Many ancient compositions were overlaid upon a template of a Body. The Bodies need not have been human but could also be based on animals, insects, or even plants and inanimate objects. The “T” shape of the pillar was based on the basic gesture sign that represented, below1 (the surface). That, in itself may be enough of a clue to tell us that the Pillar's form was not that of a human. The “T” Form was also compounded to include a horizontal rectangle and a vertical rectangle. These signs indicated a horizontal plane or place and a vertical plane or place (one having height and depth). Gobekli Tepe

Towards an Iconography of the PPN in Upper Mesopotamia More than 120 T-shaped pillars have so far been found at the PPN site of Göbekli Tepe. These are often adorned with low reliefs depicting various animals, abstract signs and, in some cases, garments and belts, thus underlining the anthropomorphic design of these pillars. he combination of motifs observed on several pillars features a clearly narrative aspect, and most of these are monumental compared to similar images known from other PPN sites where they are typically found engraved onto small stone or bone objects. Some of these images give the impression of miniature reproductions of the reliefs from Göbekli

New evidence from Göbekli Tepe, South-Eastern Turkey Göbekli Tepe is one of the most important archaeological discoveries of modern times, pushing back the origins of monumentality beyond the emergence of agriculture. We are pleased to present a summary of work in progress by the excavators of this remarkable site and their latest thoughts about its role and meaning. At the dawn of the Neolithic, hunter-gatherers congregating at Göbekli Tepe created social and ideological cohesion through the carving of decorated pillars, dancing, feasting—and, almost certainly, the drinking of beer made from fermented wild crops.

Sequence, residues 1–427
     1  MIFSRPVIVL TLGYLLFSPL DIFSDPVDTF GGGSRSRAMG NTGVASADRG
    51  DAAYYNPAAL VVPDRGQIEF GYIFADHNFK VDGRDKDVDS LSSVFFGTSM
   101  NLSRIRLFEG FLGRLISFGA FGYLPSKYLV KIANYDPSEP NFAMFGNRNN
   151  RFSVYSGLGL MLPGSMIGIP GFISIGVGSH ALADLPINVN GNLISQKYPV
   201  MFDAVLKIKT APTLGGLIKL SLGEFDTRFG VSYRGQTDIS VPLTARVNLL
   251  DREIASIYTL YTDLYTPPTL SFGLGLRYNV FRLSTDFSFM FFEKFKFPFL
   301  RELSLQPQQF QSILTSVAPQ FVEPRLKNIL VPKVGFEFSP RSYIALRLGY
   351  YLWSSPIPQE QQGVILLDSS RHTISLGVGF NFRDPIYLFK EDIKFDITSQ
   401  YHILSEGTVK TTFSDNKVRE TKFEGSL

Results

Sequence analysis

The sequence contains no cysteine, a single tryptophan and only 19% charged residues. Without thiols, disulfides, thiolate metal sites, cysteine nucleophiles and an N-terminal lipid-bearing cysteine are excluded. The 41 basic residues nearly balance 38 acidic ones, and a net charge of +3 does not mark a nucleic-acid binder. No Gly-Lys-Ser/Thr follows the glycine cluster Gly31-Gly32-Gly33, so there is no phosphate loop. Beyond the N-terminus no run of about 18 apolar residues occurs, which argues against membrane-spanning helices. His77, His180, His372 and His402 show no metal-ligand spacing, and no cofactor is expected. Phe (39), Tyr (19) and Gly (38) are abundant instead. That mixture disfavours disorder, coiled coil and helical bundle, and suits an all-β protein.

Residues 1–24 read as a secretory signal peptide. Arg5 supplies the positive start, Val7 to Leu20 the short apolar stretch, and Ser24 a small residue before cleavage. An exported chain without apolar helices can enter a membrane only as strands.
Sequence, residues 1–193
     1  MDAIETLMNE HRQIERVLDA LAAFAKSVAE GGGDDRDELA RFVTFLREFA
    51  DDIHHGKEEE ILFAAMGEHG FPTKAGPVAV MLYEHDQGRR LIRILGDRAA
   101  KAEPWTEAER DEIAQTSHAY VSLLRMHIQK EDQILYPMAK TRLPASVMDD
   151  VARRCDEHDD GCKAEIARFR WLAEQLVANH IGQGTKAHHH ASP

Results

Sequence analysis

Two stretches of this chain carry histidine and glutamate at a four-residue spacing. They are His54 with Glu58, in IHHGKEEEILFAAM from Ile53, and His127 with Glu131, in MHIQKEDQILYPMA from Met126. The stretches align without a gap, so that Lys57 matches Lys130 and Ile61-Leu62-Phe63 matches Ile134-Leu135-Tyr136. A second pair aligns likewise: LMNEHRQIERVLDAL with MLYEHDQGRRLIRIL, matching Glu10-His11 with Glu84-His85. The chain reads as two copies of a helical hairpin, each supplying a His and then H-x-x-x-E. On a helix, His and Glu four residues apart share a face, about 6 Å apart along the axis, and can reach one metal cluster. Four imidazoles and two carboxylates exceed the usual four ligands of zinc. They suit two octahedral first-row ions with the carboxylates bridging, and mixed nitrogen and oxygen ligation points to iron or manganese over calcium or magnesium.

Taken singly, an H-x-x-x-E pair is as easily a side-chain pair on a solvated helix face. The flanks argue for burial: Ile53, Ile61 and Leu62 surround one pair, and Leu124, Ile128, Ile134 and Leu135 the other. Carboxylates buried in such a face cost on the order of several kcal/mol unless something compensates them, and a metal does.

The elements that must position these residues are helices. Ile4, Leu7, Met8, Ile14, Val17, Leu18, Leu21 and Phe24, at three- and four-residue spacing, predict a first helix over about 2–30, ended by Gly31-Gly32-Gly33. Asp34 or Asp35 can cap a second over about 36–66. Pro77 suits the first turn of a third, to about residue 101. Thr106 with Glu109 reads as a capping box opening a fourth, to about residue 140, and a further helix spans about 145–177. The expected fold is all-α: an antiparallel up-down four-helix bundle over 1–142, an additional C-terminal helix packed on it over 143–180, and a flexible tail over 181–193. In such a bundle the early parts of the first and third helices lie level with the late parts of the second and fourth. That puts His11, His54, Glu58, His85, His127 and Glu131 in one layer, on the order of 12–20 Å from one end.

After discarding, on historical and structural grounds, the idea that Neolithic sumptuary buildings could represent temples, it is assumed that the pillars of Göbekli Tepe relate to a system of belief illustrated by a mythology featuring interacting mythical beings. Like a mirror, the form taken by this symbolical interrelation must reflect something of that society’s own form of internal social relations. Numerous ethnological studies, like the work of Lévi-Strauss, have shown that among primitive societies2, the exchange of women is the most crucial subject of social interaction. These matrimonial rules exist under a great number of forms, but there is one universal principle determining them all and it

New results of ongoing excavations with a special focus on sculptures and high reliefs Göbekli Tepe is one of the most fascinating Neolithic sites in the world. It is a tell, an artificial mound dating to the Pre-Pottery Neolithic. It was not used for habitation; it consists of several sanctuaries in the form of round megalithic enclosures. The site lies about 15km north-east of the Turkish city of Sanlıurfa, at the highest point of an extended mountain range that can be seen for many kilometres around.It is a landmark visible from far away (Fig. 1). Its enormous deposition of layers, up to fifteen metres high, have accumulated over several millennia over